Surely you’ve seen that meme circulating right now—the one that goes, “Men would rather [do some absurdly difficult task] than go to therapy.” Men would rather start a band, get impeached, become the greatest golfer of all time, spend ten years coming home from the Trojan War…than go to therapy. It’s a gallows-humor twist on a horrifying reality: male aggression, especially white men’s suppressed anger, is at the center of so many of the world’s problems right now.
Men’s fashion, meanwhile, is in a golden period. But designers only glancingly acknowledge that their customer base is in the midst of an identity crisis. Shayne Oliver was maybe the closest to touch on it, with his macho BDSM vibe at Hood By Air, and Demna Gvasalia always hits it in Balenciaga’s biannual fright fests of global domination. But other than these oblique overtures, designers have mostly ignored the monster festering in the western world, instead pushing men towards gender-neutral clothing, privileging notions of softness and vulnerability, and encouraging freedom of expression and individuality. Maybe they feel it’s an American problem and so it’s none of their business, or maybe they believe it’s more empowering to reward good behavior than experiment with bad. But genius ideas are far more likely to come from experimenting with bad behavior, and genius ideas are what Rick Owens almost always delivers.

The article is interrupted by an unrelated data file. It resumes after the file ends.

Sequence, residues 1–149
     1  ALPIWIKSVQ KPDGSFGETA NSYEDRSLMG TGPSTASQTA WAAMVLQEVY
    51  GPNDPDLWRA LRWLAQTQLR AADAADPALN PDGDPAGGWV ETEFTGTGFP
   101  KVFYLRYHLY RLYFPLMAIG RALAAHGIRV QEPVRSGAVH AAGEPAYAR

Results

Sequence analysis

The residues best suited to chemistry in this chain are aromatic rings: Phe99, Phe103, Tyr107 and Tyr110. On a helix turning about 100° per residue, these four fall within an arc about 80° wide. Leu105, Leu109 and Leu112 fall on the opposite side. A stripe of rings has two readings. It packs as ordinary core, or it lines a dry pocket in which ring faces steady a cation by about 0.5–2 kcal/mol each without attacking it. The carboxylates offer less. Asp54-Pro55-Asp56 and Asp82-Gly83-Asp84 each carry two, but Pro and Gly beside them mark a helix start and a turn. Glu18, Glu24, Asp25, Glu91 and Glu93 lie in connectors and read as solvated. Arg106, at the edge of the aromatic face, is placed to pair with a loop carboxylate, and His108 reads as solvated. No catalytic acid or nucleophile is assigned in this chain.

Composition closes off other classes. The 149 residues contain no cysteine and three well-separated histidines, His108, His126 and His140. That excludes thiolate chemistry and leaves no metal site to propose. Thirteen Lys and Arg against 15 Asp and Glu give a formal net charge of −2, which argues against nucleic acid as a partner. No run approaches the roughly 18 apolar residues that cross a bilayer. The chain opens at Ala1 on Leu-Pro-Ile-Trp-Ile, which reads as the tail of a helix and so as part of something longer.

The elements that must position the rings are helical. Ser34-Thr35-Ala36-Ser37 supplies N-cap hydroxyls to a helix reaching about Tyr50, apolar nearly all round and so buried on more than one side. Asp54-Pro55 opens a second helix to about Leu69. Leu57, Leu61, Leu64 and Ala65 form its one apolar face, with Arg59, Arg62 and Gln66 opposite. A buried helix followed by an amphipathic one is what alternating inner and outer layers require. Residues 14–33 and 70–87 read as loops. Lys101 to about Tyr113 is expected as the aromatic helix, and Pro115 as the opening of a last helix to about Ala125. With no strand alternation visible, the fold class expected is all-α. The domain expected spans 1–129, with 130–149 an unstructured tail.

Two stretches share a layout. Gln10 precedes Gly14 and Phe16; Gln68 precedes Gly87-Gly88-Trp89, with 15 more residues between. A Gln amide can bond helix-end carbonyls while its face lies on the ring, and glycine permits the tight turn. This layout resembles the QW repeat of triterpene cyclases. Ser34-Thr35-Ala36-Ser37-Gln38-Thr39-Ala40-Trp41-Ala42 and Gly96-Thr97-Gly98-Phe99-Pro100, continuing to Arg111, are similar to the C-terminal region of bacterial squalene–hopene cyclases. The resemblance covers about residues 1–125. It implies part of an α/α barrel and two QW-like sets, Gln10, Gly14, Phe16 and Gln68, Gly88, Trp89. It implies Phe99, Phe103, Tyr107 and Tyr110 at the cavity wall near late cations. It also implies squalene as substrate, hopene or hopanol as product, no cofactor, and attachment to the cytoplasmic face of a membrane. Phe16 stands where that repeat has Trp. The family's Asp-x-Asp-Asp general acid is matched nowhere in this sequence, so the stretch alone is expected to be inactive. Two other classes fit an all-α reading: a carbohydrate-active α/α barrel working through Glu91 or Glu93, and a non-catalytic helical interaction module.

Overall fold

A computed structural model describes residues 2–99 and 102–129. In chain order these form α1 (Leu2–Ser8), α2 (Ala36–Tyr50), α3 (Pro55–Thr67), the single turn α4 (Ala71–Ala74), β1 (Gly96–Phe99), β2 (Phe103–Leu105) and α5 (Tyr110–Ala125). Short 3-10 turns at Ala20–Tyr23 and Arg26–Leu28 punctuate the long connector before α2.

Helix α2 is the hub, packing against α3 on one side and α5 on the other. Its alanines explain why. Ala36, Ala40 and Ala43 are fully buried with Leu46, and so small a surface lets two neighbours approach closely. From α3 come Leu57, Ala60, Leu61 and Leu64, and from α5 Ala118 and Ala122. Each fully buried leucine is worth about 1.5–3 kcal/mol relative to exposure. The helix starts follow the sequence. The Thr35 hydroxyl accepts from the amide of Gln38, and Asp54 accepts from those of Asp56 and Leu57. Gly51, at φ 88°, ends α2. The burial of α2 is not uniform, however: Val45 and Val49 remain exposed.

On Thursday, Owens took on what’s become fashion’s last taboo: “A ROUGH SKETCH OF OUR BARBARIC CONTRADICTORY TIMES,” as the designer put it in his show notes. (Owens writes in all-caps, and so we shall respect the maestro’s stylings.) I saw the show in three distinct scenes: big, sexy, dumb provocateur; Jack Dorseycore; and paranoid, world domination-hungry monster. The first portion featured Owens hotties, in tighty-whities and huge-ass coats, stomping around with “look at me, because my outfit is screaming and my dick is nearly out” bravura, and droopy knits with holes that gaped open like yakking mouths, or were squinched shut like, um, you know. (“LOUD AND DUMB CAN ALSO BE CONCISE AND ELEGANT,” Owens said, reflecting on The Ramones.) The third section took the oversized coats that Owens first showed last January. Then, he used them to play with the narcissistic exuberance of online performance. Now, he turned them into giant kingmaker blazers, like ’80s Armani power suits on steroids.